Another grassroots/populist tool is referenda, that when used the right way are a valuable democratic tool. Referendums however, must stay true to their purpose, and the process for bringing them forward must allow for citizens to craft their own – fair – wording on a question. This is not to say that any question – however subjectively worded – that anyone wants to ask should be put to a referendum. Therefore, the rules on the use of referendums must not be overly onerous, nor overly temperate.

Switzerland is a prime example of a country that takes full advantage of referendums, including citizens’ initiative. In their democratic system, referendums can occur up to four times annually. All citizens registered to vote can cast their ballot on issues affecting decisions within both their federal government and their cantons (autonomous provinces). Before each vote, all registered voters receive a package of booklets in the mail which provide details on the coming referendums. Since these referendums began in 1848, just under half of the referendum proposals have passed. Even if they don’t always pass, the process is crucial to starting conversations and keeping citizens involved in debate. Referendums also force political parties to reach beyond partisan lines to reach consensus.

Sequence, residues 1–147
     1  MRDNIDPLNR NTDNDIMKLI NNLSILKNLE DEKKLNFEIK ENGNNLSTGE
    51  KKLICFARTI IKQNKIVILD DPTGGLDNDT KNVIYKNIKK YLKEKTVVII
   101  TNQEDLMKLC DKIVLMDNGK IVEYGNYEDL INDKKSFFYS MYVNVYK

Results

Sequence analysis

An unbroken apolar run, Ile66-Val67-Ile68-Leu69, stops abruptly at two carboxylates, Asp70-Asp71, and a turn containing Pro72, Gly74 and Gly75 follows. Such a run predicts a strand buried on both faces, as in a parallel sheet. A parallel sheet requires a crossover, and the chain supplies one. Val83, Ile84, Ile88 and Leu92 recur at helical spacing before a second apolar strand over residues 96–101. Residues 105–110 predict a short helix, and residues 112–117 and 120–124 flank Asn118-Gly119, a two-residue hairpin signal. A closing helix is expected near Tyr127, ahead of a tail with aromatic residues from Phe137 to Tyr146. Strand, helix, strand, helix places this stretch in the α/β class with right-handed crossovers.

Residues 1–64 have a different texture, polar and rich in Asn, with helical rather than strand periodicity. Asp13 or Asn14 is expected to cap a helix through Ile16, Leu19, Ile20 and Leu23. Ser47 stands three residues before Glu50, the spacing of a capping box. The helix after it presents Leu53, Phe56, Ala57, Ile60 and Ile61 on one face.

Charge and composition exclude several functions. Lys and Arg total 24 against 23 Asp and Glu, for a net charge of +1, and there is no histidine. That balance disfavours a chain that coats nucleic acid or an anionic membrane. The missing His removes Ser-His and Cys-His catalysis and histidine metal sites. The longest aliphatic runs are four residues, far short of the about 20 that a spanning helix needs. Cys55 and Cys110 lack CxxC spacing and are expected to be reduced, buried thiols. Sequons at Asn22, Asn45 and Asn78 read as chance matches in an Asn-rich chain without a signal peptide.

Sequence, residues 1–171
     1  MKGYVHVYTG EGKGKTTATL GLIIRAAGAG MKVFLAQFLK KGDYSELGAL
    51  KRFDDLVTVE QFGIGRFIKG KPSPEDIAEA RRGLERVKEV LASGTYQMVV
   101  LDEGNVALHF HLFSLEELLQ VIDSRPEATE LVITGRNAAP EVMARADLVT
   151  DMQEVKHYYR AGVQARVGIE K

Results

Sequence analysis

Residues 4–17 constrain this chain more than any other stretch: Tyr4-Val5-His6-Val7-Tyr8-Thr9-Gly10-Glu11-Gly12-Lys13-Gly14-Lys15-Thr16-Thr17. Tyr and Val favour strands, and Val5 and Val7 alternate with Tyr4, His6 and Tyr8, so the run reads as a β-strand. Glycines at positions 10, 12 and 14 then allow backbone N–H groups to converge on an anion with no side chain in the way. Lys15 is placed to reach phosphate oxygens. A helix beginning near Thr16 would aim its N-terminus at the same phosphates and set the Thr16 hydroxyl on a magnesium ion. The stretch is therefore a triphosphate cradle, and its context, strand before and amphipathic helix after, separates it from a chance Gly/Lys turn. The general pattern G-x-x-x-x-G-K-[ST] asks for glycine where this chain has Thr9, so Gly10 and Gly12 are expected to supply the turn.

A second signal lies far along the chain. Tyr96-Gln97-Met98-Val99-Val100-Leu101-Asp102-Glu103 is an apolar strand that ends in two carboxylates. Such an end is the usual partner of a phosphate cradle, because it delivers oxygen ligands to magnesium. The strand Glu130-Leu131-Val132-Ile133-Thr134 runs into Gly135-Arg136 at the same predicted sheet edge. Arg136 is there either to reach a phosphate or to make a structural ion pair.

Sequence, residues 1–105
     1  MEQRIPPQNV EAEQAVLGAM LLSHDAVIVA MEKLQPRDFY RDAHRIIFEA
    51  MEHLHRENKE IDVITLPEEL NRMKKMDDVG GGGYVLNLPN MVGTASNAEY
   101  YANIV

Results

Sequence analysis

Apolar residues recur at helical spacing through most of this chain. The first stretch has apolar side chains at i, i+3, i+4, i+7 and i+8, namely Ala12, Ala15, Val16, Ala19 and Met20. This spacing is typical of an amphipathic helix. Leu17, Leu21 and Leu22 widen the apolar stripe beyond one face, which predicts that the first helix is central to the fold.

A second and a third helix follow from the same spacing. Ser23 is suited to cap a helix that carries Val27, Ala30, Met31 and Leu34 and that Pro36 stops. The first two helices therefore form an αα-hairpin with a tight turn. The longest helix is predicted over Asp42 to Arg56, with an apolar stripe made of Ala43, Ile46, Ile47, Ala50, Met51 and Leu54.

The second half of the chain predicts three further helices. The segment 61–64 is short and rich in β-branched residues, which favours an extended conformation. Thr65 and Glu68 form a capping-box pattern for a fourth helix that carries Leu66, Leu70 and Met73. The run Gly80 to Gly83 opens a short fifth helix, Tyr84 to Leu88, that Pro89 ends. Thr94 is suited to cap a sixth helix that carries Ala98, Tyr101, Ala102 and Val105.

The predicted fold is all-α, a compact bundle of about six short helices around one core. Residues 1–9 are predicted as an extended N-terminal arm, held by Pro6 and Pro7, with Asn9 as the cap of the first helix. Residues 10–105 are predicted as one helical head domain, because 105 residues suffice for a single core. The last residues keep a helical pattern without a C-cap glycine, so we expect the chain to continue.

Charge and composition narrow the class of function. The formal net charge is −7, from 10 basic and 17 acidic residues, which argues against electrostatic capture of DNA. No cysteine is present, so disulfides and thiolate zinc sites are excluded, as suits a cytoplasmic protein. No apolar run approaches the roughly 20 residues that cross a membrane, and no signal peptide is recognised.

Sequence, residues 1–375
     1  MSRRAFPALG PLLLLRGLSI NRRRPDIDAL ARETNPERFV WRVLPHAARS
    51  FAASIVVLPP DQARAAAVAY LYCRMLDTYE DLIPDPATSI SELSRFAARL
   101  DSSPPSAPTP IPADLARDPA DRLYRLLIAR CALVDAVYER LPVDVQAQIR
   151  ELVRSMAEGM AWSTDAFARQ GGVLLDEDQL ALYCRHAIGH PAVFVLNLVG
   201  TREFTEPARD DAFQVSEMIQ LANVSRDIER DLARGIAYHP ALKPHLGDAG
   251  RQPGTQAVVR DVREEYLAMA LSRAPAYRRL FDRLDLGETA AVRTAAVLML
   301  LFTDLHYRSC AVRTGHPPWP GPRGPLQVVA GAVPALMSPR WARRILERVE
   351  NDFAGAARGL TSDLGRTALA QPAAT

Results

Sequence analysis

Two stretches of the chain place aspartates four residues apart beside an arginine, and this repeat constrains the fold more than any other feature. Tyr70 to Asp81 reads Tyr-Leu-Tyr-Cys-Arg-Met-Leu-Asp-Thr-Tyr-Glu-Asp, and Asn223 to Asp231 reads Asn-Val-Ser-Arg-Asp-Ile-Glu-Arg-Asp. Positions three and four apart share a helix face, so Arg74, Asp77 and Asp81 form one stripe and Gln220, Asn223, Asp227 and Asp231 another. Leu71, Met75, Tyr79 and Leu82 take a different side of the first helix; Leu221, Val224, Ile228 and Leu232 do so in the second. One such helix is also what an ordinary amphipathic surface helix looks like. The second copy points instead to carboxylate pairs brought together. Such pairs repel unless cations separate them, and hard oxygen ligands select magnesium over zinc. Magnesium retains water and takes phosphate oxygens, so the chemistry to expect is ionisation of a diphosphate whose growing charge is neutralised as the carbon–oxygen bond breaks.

Alberta’s legislature recently passed a bill that guides referendums on non-constitutional matters. While this is a positive step forward, there are issues in this bill that need improvement.